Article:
Dragon Ball Super, the latest transformation of Toriyama’s seminal franchise, has had its share of ups and downs. Kicking off with roller-coaster production quality and a slew of movie recap episodes, the show first found its stride during the Future Trunks arc. Here, in this “Universe Survival” arc, the Creator and his cronies have constructed a consistently enjoyable Shounen extravaganza.
The sheer volume of fighting showcases in the Tournament of Power has surpassed that of any other arc in the franchise’s history. Unfortunately, the quantity often undershoots the quality. In between the main skirmishes (Ultra Instinct Goku vs. Jiren, Kefla, Ultra Blue Vegeta vs. Toppo, etc.), the show backtracks both visually and narratively.
However, the Super staff always steps up its collective game during the premier fights, adding an ample amount of polish to the flurry of kicks, punches, and energy blasts. Unfortunately, the occasional flashes in the production-value-pan don’t fully vindicate the show from the even layer of mediocrity its settled into since its questionable beginnings–no more ridiculous character model gaffs, but nothing to write home about either.
Here, at the show’s 127th episode, we stand on the cusp of another final battle–Goku, Vegeta, and Android 17 (and kind of Freeza) struggling to wear down Jiren. Since the producers have announced that Super will take a hiatus following the end of the Universe Survival arc (to focus on the new movie), this last push suspends viewers in bittersweet anticipation.
Episode 127 ‒ “The Approaching Wall! The Final Barrier of Hope!!”
Jiren, a hunk of meat devoid of personality, bursts into flames to kick off the latest episode. The dynamic comedy duo, The Zenoh Twins, add their ingenious commentary to the mix, affirming that Jiren has indeed enshrouded himself in fire and they consider this act both cool and exciting. What would we do without them?
Meanwhile, Vegeta continues his unstoppable “Ego Stroke” attack in his shiny new “Ultra Blue” transformation. Based on Jiren’s expression (it never changes), the triangle-headed protagonist’s brute force has little effect. Yet The Harbinger of Purple Justice still compliments Vegeta on his efforts, like a parent praising their two-year-old for using a big-boy potty for the first time.
17 gets his turn. He’s somehow managed to stay relevant, even up to the inevitable and predictable final bout with the big boy. Yes, Android 17, a mid-tier villain from way back in the Android Saga, unable to prevent himself from getting sucked into Imperfect Cell’s tail vacuum–now an OP, A-Team hero, standing toe-to-toe with Goku and Vegeta against the strongest “villain” in the history of the Dragon Ball universe. While one might appreciate the 17 fanservice, one can’t help but balk at the improbability of the whole situation. What kind of training regimen did he concoct in that wildlife reserve? Seven billion reps of bench-pressing a thousand piled up deer carcasses with only his pinkies?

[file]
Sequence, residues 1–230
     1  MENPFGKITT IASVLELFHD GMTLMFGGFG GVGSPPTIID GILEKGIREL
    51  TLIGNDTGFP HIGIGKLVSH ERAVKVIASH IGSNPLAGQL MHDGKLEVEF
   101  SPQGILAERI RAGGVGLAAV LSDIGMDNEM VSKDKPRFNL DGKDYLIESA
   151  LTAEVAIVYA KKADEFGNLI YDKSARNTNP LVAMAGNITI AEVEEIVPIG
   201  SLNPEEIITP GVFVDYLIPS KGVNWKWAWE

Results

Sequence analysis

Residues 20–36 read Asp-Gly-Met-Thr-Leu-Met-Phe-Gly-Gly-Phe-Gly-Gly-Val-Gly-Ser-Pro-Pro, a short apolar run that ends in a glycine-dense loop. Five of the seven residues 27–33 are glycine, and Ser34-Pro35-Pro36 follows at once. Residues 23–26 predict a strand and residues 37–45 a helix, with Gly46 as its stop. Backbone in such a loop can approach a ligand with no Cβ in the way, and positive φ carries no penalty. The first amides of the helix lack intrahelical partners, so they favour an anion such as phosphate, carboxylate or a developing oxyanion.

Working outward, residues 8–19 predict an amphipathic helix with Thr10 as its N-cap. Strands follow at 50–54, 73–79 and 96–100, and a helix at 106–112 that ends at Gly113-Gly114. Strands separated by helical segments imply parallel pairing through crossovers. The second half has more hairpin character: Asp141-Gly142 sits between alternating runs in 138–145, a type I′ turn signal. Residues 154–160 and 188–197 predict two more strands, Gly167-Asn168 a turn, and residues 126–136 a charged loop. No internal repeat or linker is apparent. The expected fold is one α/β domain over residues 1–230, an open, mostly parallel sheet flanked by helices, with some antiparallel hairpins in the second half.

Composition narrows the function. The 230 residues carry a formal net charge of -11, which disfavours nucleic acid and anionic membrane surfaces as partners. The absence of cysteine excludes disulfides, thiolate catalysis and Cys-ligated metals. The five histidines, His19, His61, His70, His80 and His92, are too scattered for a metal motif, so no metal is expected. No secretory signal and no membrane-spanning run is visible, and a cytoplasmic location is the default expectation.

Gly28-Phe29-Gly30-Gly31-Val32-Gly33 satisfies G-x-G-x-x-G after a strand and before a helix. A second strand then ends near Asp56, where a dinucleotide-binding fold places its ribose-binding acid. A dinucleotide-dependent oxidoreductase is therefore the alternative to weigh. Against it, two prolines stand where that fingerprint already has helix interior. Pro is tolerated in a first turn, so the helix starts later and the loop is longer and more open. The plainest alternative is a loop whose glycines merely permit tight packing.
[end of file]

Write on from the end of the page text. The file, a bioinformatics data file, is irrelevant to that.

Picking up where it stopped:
Anyway–I detect an upward trend in visual quality (even with the recycled bits), especially compared to the lackluster Toppo fight (one more “hakai” and I would’ve hakai’d my laptop screen). This includes a well-animated and potentially satisfying Freeza moment that promptly devolves into a humorous beatdown.
With Freeza still (kind of) in the picture, the writers have fogged up the final battle’s picture frame once again. The humiliated frenemy will, of course, try to gum up the works at least one more time once he crawls out of the hole he landed in, but the clock’s ticking. Hopefully, the Golden Goon doesn’t slow up the pacing and subtract from the inevitable Ultra Instinct Goku/Omega Charizard Jiren showdown.
Most surprisingly, Toriyama and his crack team of writers finally decided to give The Mauve Avenger some backstory. Belmod reveals that everyone close to Jiren either abandoned him or died at the hands of an “evil-doer.” Jiren now believes that strength = justice, and emotions mean nothing. A convenient smokescreen for his lack of emotions thus far and the writer’s lack of effort in developing Jiren’s character in any way other than “he’s a monster.”
The episode simultaneously humanizes Jiren and 17–Jiren fights for the past, 17 for the future, both for their families. The android’s self-destructive sacrifice tugs at the heartstrings, but, due to the watered down stakes (obviously everyone’s going to get wished back), it’s hard to get too choked up.
As a longtime Dragon Ball fan, I can’t walk away from Super. Yet the show suffers from battle fatigue at this point, and a late attempt to three-dimensionalize Jiren doesn’t lend the production any extra gravitas. The bread and butter of the show remains in the fights, and, frankly, that’s okay. Let’s hope the last round sparkles and shines even brighter than previous finales.
And, please remember:
~ Don’t Shoot the Messenger